The overall deficit before grants increased from 17.0 percent of GDP in 1996 to 20.1 percent in 1997, as foreign aid (grants and concessional loans) expanded. Total revenue increased from 18.0 percent in 1996 to 20.4 percent in 1997, owing mainly to a rise in tax revenue from 16.5 percent of GDP in 1996 to 18.9 percent in 1997. The increase in tax revenue stemmed from a strengthening of tax and customs administration, as well as from the quarterly adjustment of the petroleum tax rates. Total expenditure and net lending grew by 5.5 percent of GDP from 1996 to 1997, with current expenditure increasing from 15.9 percent of GDP in 1996 to 18.9 percent in 1997 and capital expenditure rising from 18.9 percent of GDP in 1996 to 21.5 percent in 1997. Current expenditure in health and education increased in real terms, while the growth in capital expenditure reflected primarily higher spending on transportation and the water sectors.
Merchandise exports increased from US$226 million in 1996 to US$234 million in 1997. The growth of merchandise exports other than cashews was much stronger, about 14 percent. Nontraditional exports and, in particular, apparel are expanding at rapid rates. The surrender requirement on exports proceeds was eliminated in January 1997. Imports declined by 1 percent to US$775 million in 1997, owing to import substitution. Gross international reserves of the Bank of Mozambique increased to more than six months of imports at end-December 1997. The metical depreciated by only 4 percent in 1996 and less than 2 percent in 1997. The spread between the market and the parallel exchange rate has narrowed to less than 2 percent in the first quarter of 1998.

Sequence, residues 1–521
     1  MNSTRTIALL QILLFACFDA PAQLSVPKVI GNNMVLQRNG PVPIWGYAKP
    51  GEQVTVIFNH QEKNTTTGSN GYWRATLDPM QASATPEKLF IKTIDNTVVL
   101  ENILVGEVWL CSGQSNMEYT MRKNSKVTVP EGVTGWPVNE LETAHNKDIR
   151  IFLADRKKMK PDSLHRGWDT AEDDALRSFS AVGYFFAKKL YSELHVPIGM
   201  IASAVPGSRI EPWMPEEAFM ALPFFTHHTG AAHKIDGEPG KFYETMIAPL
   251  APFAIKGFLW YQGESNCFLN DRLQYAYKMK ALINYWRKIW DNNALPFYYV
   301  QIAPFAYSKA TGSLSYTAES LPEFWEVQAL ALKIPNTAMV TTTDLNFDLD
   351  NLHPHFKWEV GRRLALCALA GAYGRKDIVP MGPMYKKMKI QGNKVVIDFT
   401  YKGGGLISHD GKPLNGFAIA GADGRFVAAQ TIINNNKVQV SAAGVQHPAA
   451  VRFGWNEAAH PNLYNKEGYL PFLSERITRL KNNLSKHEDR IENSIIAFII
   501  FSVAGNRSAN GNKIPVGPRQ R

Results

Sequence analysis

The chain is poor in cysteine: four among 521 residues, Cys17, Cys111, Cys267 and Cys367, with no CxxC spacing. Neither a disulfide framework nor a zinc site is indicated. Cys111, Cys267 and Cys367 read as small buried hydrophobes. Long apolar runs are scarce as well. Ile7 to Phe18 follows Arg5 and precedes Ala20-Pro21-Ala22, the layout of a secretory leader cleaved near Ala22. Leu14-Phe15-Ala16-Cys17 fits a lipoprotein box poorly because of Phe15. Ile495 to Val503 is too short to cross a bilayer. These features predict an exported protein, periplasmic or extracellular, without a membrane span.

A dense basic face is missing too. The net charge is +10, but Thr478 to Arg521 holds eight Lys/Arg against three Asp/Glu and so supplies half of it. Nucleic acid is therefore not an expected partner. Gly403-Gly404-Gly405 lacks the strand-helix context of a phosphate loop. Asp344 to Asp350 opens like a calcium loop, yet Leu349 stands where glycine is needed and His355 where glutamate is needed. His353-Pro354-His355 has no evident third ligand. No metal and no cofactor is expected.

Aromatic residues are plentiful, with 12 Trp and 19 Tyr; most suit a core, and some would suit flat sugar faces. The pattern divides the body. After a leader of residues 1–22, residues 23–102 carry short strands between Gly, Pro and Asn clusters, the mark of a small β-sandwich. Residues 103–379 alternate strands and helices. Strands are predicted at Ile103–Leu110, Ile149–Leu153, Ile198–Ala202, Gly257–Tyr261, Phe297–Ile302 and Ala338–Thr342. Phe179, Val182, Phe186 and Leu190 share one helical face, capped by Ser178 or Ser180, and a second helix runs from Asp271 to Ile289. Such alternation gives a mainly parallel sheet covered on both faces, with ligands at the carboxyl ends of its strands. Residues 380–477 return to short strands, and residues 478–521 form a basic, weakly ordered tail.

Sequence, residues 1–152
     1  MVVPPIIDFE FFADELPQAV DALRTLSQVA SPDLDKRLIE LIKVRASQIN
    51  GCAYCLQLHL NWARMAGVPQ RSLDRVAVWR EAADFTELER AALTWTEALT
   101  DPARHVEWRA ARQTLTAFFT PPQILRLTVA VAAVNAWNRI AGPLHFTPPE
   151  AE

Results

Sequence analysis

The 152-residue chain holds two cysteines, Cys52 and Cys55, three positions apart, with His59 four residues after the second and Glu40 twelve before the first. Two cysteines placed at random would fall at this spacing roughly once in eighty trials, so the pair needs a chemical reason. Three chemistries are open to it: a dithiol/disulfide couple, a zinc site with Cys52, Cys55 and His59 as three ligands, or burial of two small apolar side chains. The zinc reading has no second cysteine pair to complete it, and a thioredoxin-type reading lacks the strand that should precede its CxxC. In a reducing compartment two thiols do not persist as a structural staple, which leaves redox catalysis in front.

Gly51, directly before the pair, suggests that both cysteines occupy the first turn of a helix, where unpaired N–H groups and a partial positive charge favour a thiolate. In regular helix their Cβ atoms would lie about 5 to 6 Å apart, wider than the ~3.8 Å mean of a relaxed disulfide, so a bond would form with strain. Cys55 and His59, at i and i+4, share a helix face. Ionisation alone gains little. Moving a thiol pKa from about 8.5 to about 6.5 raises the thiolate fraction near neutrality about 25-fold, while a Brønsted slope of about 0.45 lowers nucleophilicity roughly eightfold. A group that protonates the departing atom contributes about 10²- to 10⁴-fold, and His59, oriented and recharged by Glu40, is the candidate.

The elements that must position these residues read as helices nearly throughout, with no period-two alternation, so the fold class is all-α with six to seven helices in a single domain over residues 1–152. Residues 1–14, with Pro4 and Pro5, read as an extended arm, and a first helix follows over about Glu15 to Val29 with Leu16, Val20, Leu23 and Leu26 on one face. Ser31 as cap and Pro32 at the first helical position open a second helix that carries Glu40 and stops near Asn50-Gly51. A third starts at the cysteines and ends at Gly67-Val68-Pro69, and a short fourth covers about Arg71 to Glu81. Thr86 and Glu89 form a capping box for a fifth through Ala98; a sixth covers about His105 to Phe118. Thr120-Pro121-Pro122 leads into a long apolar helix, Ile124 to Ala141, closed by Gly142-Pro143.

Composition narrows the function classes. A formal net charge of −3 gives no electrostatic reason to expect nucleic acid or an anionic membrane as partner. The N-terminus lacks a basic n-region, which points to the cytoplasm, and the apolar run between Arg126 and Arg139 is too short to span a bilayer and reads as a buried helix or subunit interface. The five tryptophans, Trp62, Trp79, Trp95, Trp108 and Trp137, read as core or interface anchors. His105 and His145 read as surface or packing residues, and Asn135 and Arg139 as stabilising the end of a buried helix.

Mozambique continues to make significant progress in several structural reform areas. Customs management was privatized in 1997 and a system of full reconciliation of import taxes due and taxes paid was set up, preparations are underway for the introduction of the value added tax, new budgetary recording and monitoring procedures have been introduced, public administration is being decentralized, and a civil service reform is being finalized for implementation in 1999. The privatization program is on track for completion in mid-1999, the legal and regulatory framework is being restructured to facilitate trade and investment, and labor legislation is being updated. The last remaining state-owned bank was privatized in September 1997, commercial bank accounting procedures were updated, a new Financial Institutions Law has been submitted to the Assembly of the Republic, and banking supervision is being strengthened. A series of steps were taken to prepare the introduction of indirect monetary policy instruments. Bank reserve requirements were lowered, extended to foreign currency deposits, and made more flexible; an interbank money market was established in September 1997; and the payments system is being modernized.